It would be unfair, both to our peers and to our descendants, to give in to ignorance and scorn the clear demand from the new generation of British people for more action on many globally consequential problems. Extinction Rebellion membership hit 100,000 in 2019 and the UK Government declared a climate emergency after huge public pressure to officially recognise the issue.[4] There has been increasing public outcry at the marginalisation of certain groups in society, with one in 50 UK households being forced to resort to food banks in 2018–19 as over three million food parcels were given out.[5] We have also seen a rise in the number of social businesses as the economy slowly starts to merge with notions of social value. Consumers are becoming increasingly morally conscientious and are channelling their money into worthwhile causes and businesses that take into account the consequences of their actions, with social enterprises contributing £60bn to the UK economy and employing two million people.[6]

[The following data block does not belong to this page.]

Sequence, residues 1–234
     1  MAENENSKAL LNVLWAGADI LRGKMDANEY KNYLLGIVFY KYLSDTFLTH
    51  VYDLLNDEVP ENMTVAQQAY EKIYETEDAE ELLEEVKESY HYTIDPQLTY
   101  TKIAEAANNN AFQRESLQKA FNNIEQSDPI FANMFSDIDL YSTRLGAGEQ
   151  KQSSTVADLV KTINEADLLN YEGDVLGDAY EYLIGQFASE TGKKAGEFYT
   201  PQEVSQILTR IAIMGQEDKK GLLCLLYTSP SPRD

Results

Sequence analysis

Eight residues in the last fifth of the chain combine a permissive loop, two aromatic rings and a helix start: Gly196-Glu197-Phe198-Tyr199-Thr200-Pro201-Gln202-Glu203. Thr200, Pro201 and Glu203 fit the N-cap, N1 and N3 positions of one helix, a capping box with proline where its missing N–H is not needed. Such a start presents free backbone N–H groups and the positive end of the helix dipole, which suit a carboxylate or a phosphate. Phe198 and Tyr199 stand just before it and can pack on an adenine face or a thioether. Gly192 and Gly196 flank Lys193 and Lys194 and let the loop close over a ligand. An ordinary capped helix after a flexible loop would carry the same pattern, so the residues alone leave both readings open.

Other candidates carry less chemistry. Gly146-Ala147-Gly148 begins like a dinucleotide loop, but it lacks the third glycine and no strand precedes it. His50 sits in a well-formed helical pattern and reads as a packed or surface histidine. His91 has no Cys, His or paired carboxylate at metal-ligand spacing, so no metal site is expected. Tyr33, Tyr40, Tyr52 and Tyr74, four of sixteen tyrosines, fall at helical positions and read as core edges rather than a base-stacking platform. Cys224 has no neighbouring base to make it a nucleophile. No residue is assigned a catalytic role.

This push towards more sustainable action in all walks of public life means that policymakers and governments are being pressured to push these issues to the top of their agenda.